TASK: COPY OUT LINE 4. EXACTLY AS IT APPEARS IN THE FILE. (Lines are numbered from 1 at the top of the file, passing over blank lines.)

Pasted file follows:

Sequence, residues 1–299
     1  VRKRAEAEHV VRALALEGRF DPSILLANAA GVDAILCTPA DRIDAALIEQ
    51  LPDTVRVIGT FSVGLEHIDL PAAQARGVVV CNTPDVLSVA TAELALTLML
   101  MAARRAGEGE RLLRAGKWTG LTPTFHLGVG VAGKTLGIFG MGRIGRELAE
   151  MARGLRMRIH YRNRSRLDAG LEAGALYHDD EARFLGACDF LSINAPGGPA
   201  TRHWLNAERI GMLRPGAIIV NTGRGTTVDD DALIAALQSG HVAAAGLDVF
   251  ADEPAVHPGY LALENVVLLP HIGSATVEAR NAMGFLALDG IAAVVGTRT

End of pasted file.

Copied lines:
   101  MAARRAGEGE RLLRAGKWTG LTPTFHLGVG VAGKTLGIFG MGRIGRELAE